• Level 10 = Hilar nodes.

  • Level 11 = Interlobar nodes.

  • Level 12 = Lobar nodes.

  • Level 13 = Segmental nodes.

  • Level 14 = Subsegmental nodes.

These levels are preceded by an R or L designating the side, as in R10 node. 8

The staging for nodal extension is as follows:

  • N0 = No nodal metastases.

  • N1 = Nodal metastases in ipsilateral hilar, peribronchial, or pulmonary nodes.

  • N2 = Nodal metastases in ipsilateral mediastinal or subcarinal nodes.

  • N3 = Metastases in contralateral nodes.


  • M0 = No distant metastases.

  • M1 = Metastases in contralateral lobe, pleural nodules, or malignant pleural effusion.

  • M2 = Distant metastases.


  • Stage 0 = Carcinoma in situ.

  • Stage I = T1a/b, T2a; N0, M0.

  • Stage IIA = T1, T2a; N1, M0 or T2b, N0, M0.

  • Stage IIB = T2b, N1, M0 or T3, N0, M0.

  • Stage IIIA = T1, T2, T3; N2, M0 or T3, T4; N1, M0 or T4, N0 or N1, M0.

  • Stage IIIB = Any T, N3, M0 or T4, N2, M0.

  • Stage IVA = Any T, Any N, M1.

  • Stage IVB = Any T, Any N, M2.

If there are no distant metastases, it becomes crucial to know the status of the mediastinal lymph nodes. A fluorodeoxyglucose positron emission tomography (FDG-PET)/computed tomography (CT) scan will demonstrate any node greater than 1 cm in diameter is likely involved with tumor. However, nodes that are suspicious on CT need to be biopsied via either bronchoscopy or mediastinoscopy.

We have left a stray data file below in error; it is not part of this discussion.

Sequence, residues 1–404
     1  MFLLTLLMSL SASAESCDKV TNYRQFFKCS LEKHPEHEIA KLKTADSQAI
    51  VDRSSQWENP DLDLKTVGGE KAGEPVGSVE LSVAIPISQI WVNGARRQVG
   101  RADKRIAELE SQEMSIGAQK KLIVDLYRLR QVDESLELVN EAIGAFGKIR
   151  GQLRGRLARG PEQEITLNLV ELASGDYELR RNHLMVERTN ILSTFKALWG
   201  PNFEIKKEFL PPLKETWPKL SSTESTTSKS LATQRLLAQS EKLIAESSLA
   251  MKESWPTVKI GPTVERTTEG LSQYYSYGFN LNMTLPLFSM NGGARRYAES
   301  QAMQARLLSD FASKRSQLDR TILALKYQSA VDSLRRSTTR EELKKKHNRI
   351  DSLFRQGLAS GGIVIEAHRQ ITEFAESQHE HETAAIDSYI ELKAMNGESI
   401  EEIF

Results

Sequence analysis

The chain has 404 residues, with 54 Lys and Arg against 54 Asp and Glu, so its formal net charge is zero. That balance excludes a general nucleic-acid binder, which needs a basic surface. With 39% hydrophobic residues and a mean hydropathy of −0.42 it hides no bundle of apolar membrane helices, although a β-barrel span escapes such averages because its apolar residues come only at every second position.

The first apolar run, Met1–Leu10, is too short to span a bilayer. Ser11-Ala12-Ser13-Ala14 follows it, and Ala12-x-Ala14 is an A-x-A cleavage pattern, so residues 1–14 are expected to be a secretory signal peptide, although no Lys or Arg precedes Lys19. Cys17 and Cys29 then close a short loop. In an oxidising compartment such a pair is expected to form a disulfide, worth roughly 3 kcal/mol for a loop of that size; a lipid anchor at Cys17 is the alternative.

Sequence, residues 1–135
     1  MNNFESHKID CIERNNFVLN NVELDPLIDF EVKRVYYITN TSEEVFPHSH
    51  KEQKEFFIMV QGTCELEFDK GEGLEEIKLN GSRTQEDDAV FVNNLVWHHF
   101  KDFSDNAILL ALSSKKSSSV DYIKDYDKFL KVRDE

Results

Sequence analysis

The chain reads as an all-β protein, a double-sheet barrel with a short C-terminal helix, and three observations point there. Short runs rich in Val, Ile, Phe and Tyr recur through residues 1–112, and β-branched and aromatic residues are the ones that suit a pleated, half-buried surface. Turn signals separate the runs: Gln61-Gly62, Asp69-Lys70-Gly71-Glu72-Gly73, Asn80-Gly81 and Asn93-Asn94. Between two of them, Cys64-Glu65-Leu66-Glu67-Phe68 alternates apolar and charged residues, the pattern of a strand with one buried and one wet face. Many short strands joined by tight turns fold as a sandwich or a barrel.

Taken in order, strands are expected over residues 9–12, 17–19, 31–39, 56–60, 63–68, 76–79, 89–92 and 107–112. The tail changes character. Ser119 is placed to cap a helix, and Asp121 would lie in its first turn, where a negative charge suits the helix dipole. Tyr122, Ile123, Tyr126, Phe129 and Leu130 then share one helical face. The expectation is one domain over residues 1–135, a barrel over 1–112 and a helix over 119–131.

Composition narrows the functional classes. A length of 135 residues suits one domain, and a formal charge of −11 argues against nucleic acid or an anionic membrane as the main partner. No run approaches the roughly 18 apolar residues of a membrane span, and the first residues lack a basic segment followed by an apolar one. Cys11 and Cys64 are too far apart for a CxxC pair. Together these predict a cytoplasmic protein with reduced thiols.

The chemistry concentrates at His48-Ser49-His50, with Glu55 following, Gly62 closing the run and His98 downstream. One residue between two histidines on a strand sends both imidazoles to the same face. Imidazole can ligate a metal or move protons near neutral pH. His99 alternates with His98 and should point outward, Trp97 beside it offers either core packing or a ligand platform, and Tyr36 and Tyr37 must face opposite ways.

Minimally invasive resection using video-assisted thoracic surgery (VATS) has dramatically decreased the morbidity of lung cancer surgery, allowing more fragile patients to have the tumor excised.

The treatment of non–small cell lung cancer (NSCLC) requires a combination of surgery, chemotherapy, and radiation that is personalized for each patient considering their comorbidities and the stage of the disease. The recommended treatments for each stage are as follows:

  • Stage I: A minimally invasive, for example, VATS, lobectomy is recommended without adjuvant chemotherapy or radiation for patients who can tolerate the surgery with a 5-year survival of 60 to 80%. In compromised patients, the use of Stereotactic Body Radiation Therapy (SBRT) can be substituted for surgery with a 2-year survival of 60 and 45% at 5 years. Disease control at the primary site is accomplished with SBRT in 80 to 100% at 2 years.

  • Stage II: Resection followed by adjuvant chemotherapy is the standard of care, with survival at 5 years of 45%, and most deaths (75%) are caused by recurrence. The chemotherapy recommended is a doublet that includes cisplatin. Often used for the other half of the doublet are vinorelbine or etoposide. In locally invasive T3N0M0 tumors, an en bloc resection is recommended. If all the tumor is removed, a 50 to 60% 5-year survival is expected. If less than an R0 resection is performed, the survival is less than 5% at 5 years, with or without radiotherapy. For central T3N0 tumors, even with R0 resection the survival is 25 to 30% at 5 years. 8 , 9

    Pancoast tumors are a subset of T3 tumors. These occur at the apex of the lung and invade the thoracic inlet effecting the first rib, brachial plexus, subclavian artery and vein, and thoracic spine. Neoadjuvant chemoradiation utilizing a cisplatin doublet and at least 45 Gy of external beam radiation therapy (EBRT) is recommended. Surgery is performed for cure and, if an R0 resection is performed, 5-year survival is approximately 55% with a recurrence rate of 6%. However, if such a resection cannot be accomplished, chemoradiation should be performed for cure with a 5-year survival of 28%. 10 , 11